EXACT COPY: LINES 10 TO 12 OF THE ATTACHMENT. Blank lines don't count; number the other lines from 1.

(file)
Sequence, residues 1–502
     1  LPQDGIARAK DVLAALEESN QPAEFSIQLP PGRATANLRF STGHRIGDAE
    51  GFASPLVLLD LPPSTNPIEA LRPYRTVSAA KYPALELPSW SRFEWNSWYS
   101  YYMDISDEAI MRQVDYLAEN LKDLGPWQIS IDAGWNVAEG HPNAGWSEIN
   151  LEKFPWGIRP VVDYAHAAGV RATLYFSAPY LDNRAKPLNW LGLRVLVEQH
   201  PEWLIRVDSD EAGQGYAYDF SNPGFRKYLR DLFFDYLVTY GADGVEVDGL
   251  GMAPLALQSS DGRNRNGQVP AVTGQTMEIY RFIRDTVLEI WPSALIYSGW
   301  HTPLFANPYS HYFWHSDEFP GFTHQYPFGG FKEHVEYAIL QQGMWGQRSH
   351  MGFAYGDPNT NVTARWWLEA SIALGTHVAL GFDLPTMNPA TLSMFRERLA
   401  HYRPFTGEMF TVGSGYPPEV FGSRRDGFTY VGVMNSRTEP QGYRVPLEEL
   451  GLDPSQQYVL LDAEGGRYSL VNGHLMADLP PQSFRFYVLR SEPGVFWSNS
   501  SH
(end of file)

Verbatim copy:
   401  HYRPFTGEMF TVGSGYPPEV FGSRRDGFTY VGVMNSRTEP QGYRVPLEEL
   451  GLDPSQQYVL LDAEGGRYSL VNGHLMADLP PQSFRFYVLR SEPGVFWSNS
   501  SH